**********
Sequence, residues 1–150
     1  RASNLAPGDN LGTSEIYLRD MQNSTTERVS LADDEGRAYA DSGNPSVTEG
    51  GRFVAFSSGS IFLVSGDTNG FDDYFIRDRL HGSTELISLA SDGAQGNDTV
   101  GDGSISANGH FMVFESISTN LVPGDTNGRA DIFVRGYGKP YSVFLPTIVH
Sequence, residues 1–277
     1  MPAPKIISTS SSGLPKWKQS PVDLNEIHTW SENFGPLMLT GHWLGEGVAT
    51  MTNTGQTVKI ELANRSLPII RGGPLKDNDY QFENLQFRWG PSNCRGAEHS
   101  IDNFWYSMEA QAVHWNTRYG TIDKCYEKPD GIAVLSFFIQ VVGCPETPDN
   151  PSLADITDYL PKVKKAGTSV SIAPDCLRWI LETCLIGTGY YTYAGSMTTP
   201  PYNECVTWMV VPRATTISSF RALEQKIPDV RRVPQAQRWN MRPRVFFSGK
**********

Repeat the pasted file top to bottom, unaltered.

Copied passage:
Sequence, residues 1–150
     1  RASNLAPGDN LGTSEIYLRD MQNSTTERVS LADDEGRAYA DSGNPSVTEG
    51  GRFVAFSSGS IFLVSGDTNG FDDYFIRDRL HGSTELISLA SDGAQGNDTV
   101  GDGSISANGH FMVFESISTN LVPGDTNGRA DIFVRGYGKP YSVFLPTIVH
Sequence, residues 1–277
     1  MPAPKIISTS SSGLPKWKQS PVDLNEIHTW SENFGPLMLT GHWLGEGVAT
    51  MTNTGQTVKI ELANRSLPII RGGPLKDNDY QFENLQFRWG PSNCRGAEHS
   101  IDNFWYSMEA QAVHWNTRYG TIDKCYEKPD GIAVLSFFIQ VVGCPETPDN
   151  PSLADITDYL PKVKKAGTSV SIAPDCLRWI LETCLIGTGY YTYAGSMTTP
   201  PYNECVTWMV VPRATTISSF RALEQKIPDV RRVPQAQRWN MRPRVFFSGK